Canada’s continuing embarrassment over the discovery of unmarked graves tied to residential schools continues.
Winnipeg Centre NDP MP Leah Gazan tabled a motion seeking unanimous consent in the House of Commons to have the federal government acknowledge what happened in residential schools as a genocide. It did not receive the unanimous consent she was looking for.
But other politicians have come forward. Manitoba Minister for Indigenous Reconciliation and Northern Relations Alan Lagimodiere felt that while residential schools might have been created with good intentions, he believes that the Indigenous children who were forced to attend them were a part of genocide.
“It was genocide. There’s no way we can defend those actions,” Lagimodiere said adding that John A. Macdonald’s strategy was to eliminate the Indigenous population as far as Canada was concerned.
Over a 120-year period, more than 150,000 Indigenous children were taken from parents and forced into the residential school system.
The Truth and Reconciliation Commission called this period a “cultural genocide” and recorded a death toll of over 5,000 children in their report. With the unmarked graves that figure is likely to be higher. Since May, over 1,300 unmarked graves have been found at only four of the more than 130 residential schools funded by Canada.
Canada’s first Indigenous forensic pathologist Kona Williams said she and her colleagues had talked about those types of graves “but it was still a shock… some of those children could be my relatives.” She added that it might be hard to determine cause of death as causes such as pneumonia require lungs to establish that, and they may no longer exist.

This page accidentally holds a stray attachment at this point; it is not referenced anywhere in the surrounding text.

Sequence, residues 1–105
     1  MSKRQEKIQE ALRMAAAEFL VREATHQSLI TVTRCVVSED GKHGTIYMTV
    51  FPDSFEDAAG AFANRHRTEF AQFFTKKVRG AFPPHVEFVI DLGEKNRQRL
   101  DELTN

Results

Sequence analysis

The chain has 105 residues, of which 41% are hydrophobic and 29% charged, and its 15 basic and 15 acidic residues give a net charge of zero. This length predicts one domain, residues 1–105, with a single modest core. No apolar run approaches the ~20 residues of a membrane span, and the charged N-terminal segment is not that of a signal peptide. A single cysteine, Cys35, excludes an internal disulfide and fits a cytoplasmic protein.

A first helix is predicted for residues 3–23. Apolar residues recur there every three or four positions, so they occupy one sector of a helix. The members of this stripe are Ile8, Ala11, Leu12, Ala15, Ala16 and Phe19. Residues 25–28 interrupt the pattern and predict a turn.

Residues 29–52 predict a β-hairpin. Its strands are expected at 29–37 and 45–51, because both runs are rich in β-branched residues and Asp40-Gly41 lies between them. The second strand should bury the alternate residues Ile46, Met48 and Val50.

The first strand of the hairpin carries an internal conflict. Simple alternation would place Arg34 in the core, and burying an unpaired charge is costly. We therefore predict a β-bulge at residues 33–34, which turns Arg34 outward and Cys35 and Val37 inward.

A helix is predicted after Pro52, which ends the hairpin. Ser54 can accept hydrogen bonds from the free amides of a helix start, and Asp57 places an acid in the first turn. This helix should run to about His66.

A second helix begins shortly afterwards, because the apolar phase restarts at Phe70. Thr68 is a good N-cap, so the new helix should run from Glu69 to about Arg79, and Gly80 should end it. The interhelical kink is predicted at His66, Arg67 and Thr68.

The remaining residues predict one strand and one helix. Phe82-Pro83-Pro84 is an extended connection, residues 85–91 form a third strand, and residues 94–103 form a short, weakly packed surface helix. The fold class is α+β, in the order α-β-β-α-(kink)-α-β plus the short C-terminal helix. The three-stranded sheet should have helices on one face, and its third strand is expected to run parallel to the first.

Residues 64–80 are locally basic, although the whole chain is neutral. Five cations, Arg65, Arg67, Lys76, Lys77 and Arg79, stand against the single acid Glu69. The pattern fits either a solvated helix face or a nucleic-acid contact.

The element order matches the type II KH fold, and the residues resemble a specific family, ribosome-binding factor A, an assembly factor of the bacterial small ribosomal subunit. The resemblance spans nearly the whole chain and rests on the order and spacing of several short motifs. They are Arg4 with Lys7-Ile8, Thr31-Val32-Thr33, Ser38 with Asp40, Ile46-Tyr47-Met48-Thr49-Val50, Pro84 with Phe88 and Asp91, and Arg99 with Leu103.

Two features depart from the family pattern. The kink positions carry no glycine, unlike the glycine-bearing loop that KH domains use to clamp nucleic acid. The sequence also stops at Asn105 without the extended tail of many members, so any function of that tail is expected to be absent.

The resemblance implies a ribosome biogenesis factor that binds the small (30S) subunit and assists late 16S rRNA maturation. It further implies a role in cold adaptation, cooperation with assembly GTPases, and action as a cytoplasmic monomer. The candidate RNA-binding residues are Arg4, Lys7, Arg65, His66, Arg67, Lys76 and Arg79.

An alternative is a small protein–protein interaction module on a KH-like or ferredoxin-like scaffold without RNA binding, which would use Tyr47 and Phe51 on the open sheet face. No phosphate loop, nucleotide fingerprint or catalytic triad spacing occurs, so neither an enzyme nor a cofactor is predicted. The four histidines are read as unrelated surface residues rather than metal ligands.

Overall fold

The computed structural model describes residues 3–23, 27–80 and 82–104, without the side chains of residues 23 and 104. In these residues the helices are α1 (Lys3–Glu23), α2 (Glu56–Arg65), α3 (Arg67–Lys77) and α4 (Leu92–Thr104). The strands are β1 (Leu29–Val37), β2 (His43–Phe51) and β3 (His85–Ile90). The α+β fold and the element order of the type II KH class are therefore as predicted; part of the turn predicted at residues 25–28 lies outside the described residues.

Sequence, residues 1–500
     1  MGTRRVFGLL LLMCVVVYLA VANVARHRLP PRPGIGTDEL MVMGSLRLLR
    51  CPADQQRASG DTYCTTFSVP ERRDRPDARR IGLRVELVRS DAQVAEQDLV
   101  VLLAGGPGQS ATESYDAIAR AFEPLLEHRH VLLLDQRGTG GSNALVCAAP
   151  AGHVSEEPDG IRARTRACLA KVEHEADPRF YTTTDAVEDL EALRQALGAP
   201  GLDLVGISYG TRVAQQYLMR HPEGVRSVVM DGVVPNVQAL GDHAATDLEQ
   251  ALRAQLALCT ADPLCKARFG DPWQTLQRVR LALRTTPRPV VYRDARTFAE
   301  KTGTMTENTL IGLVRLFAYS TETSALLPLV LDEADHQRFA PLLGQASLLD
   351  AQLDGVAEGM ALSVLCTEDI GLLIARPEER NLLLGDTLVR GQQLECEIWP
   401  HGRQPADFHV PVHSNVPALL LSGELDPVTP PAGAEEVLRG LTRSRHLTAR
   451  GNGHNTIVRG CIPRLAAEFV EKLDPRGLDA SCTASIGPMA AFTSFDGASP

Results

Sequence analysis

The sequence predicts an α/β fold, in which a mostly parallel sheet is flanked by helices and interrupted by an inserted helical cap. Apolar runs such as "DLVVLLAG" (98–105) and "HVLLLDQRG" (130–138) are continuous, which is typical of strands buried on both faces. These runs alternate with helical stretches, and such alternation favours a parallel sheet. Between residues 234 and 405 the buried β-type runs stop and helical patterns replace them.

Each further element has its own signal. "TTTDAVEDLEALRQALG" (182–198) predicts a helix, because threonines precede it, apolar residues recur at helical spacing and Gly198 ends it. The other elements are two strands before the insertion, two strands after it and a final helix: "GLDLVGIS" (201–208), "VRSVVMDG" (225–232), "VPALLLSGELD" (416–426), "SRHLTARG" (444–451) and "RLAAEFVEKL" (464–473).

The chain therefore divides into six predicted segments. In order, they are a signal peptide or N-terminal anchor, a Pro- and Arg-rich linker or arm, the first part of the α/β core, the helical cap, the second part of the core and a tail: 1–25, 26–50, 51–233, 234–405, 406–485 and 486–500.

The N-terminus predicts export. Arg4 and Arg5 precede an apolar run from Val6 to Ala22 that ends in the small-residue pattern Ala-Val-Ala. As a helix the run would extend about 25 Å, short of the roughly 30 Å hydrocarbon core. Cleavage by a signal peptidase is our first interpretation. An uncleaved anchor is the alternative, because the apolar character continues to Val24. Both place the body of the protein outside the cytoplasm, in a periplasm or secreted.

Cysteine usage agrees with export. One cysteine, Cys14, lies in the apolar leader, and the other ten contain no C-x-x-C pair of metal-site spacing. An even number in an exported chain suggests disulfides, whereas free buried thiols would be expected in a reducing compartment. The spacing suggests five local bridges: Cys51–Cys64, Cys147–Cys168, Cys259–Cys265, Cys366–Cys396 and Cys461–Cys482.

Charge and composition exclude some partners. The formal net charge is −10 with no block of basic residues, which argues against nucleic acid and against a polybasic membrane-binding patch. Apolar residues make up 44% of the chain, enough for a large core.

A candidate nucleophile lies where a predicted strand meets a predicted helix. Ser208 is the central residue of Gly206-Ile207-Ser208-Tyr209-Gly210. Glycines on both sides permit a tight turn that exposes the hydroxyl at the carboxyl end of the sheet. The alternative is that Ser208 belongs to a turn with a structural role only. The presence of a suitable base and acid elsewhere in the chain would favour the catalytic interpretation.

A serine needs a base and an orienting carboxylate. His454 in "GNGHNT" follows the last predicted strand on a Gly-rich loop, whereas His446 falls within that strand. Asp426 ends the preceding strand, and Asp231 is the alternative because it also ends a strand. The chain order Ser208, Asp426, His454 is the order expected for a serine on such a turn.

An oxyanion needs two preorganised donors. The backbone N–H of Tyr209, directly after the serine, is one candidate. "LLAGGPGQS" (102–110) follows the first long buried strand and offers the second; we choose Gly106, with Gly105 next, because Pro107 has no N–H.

The TRC report saw many residential school survivors testify children were beaten to death and evidence of that is more likely to be seen. “That might match with some of the horrible stories that we’ve heard. And that’s going to be a difficult reality for Canadians to have to reconcile,” said Williams. She added there seems to be no plan in place to investigate the remains.
Despite the apologies, Canada has recently refused a request to find more missing graves. Some provinces have stepped up to assist in doing so.
While the world looks at Canada’s human rights record, many people wonder what else can be done. Afterall Canada’s response to many of its Indigenous problems, concerns and issues is to simply wait until the media gets bored and stops reporting them.
It’s understandable given that many Indigenous peoples come from remote and isolated communities and their voices are not as loud and as prolonged as issues with a rallying cry of “Black Lives Matter.”
Criminal lawyer Andrew Phypers, whose mother attended St. Eugene’s Mission Residential School (just north of Cranbrook, BC) where 182 unmarked graves were found, has a few ideas. He and other lawyers wonder why even though Canada identified more than 5,000 alleged abusers that to this day no individuals or institutions have faced charges. Some of them could be continuing to abuse. Only a small number of priests have be charged with sexual assault, but never investigated for homicide.
The Native Women’s Association of Canada has been pushing for criminal charges to be laid against Canada, churches and workers who committed crimes in the residential school system.
Phypers, however, has a different idea. He is working with a group of lawyers asking the International Criminal Court to open an investigation into the institutions. Canada enacted a federal Crimes Against Humanity and War Crimes Act in 2000. This act gives the ICC domestic powers to prosecute in Canada and they can request Canadian police to help investigate. It would be an offence for Canada to interfere with the process. The ICC could also demand the documents the Catholic Church has refused to release.
We can all hope Phypers and his team are successful so that the crimes enabled through the residential school system see true justice at last. It is something those children in the unmarked graves deserve so they can be laid to rest at last.